How to cite this article:
Yang X, Liu L, Song Y, Kong Q, Zeng J, Tu C. Outcome of single level anterior cervical discectomy and fusion using nano-hydroxyapatite/polyamide-66 cage.Indian J Orthop 2014;48:152-157

How to cite this URL:
Yang X, Liu L, Song Y, Kong Q, Zeng J, Tu C. Outcome of single level anterior cervical discectomy and fusion using nano-hydroxyapatite/polyamide-66 cage. Indian J Orthop [serial online] 2014 [cited 2019 Jun 16 ];48:152-157
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Since it's initial use by Smith and Robison in the 1950s, anterior cervical discectomy and fusion (ACDF) has been the standard surgical treatment for cervical discogenic diseases associated with radiculopathy or myelopathy. [1],[2] This procedure allows direct decompression of the spinal canal, enlargement of stenotic neural foramen alongwith restoration of intervertebral disk height. Following anterior discectomy, various interbody implanting devices are traditionally used for reconstructing the stability of the segment involved. [3],[4]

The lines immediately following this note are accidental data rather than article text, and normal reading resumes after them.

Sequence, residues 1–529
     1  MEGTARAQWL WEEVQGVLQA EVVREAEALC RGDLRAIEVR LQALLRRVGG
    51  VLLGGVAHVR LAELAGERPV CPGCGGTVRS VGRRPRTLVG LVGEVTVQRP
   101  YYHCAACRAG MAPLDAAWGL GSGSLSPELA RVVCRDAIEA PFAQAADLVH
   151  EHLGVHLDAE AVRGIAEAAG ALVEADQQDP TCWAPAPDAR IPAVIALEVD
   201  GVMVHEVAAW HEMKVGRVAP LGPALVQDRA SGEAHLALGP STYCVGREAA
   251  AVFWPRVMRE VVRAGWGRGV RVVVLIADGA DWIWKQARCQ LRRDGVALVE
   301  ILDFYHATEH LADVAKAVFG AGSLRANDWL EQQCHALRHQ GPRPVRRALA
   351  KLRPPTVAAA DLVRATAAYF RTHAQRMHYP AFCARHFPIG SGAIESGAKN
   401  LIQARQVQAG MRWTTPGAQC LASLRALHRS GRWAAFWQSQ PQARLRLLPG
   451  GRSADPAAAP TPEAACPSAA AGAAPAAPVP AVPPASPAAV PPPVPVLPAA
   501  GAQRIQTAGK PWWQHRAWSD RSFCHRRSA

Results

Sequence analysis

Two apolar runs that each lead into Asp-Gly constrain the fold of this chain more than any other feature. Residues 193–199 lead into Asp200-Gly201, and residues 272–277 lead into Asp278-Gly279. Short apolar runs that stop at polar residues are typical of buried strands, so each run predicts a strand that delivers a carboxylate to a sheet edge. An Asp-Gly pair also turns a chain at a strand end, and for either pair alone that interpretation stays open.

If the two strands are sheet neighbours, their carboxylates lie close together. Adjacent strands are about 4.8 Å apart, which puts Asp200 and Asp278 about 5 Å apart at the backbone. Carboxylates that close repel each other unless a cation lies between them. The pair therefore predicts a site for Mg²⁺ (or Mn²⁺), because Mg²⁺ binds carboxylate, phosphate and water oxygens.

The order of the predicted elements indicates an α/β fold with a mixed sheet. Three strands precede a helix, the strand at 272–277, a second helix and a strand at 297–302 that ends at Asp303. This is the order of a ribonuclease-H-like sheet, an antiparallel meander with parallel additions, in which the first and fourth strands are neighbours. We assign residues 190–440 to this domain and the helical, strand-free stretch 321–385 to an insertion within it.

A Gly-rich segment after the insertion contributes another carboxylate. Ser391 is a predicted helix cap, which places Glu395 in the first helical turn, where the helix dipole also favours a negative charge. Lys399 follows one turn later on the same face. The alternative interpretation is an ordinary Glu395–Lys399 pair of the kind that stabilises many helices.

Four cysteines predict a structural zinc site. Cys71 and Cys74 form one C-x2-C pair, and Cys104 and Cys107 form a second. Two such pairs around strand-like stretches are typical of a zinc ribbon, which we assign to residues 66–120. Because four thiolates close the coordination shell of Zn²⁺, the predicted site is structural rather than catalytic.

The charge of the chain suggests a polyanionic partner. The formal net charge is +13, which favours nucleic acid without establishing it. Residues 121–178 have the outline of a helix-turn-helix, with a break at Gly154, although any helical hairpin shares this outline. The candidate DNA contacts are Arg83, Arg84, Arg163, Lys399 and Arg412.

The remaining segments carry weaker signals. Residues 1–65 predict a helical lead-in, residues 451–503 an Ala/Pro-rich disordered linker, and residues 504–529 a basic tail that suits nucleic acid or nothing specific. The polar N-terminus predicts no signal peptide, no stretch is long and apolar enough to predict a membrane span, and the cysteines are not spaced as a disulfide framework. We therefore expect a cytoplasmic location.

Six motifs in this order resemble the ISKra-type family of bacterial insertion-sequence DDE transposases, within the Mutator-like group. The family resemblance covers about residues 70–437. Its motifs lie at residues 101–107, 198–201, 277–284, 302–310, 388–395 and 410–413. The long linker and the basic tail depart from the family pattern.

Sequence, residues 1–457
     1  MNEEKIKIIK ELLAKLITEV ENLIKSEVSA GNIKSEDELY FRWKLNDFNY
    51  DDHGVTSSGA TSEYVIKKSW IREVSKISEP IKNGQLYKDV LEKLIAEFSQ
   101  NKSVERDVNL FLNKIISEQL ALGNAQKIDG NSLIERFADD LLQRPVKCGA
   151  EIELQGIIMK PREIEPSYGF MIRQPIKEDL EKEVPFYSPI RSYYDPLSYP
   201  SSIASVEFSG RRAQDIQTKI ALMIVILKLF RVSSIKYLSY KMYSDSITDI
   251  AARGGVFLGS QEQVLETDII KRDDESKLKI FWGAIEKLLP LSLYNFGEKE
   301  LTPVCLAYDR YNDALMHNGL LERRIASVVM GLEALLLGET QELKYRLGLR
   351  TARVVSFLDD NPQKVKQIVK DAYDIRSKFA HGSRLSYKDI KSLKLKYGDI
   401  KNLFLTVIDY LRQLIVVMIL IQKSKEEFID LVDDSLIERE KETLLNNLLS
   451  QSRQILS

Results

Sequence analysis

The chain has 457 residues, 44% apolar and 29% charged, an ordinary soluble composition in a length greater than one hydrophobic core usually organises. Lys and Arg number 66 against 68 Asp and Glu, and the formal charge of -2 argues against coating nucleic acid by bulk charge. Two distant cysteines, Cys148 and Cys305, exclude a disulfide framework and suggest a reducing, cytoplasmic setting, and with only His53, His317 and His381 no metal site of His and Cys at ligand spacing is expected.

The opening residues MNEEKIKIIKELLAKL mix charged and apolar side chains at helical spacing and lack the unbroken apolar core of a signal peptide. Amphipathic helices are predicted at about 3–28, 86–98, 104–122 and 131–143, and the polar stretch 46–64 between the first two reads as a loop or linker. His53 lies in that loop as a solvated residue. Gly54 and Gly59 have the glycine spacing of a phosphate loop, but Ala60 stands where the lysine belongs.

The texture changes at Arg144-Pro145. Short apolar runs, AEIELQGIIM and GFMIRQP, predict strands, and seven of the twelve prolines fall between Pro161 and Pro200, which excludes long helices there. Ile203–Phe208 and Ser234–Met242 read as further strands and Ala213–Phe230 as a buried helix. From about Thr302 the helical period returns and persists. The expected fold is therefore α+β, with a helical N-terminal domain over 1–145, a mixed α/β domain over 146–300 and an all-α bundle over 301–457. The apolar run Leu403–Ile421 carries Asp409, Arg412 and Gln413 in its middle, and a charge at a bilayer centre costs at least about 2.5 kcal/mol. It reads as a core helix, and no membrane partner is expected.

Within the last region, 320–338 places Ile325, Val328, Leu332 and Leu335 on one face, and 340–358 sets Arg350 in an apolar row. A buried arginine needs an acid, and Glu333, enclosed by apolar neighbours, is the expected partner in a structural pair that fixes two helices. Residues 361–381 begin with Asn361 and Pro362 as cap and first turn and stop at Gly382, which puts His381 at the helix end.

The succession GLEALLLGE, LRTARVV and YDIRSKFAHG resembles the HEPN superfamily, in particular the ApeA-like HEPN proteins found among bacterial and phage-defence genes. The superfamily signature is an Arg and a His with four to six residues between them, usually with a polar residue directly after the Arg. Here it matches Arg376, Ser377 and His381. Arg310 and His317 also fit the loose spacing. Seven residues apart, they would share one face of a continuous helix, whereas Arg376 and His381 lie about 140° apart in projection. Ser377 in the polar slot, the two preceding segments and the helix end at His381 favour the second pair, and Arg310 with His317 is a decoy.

Autogenous tricortical iliac crest graft has been considered as the "gold standard" of anterior reconstruction due to its high fusion rate. [5],[6] However, it brings around 25% of donor site morbidity including hematoma, persistent donor site pain and infection. [7],[8] To prevent these complications, Bagby et al., had designed the first hollow cylindrical cage device (Bagby Bone Basket) made of stainless steel which allowed bone in growth. [9] Subsequently, the titanium mesh cage (TMC) gradually replaced the stainless steel cages and became the most widely used device in anterior fusion due to its excellent mechanical behavior and preferable clinical outcomes. [10],[11] However, TMC has also been associated with prominent stress shielding, high rate of cage subsidence and noticeable influence on postoperative radiographic observation. Because of the shortages of metallic cages, various nonmetal interbody fusion devices (such as the carbon cage, polymethyl methacrylate (PMMA) cage, polyetheretherketone (PEEK) cage) became extremely popular with spine surgeons in recent times. [12],[13],[14],[15]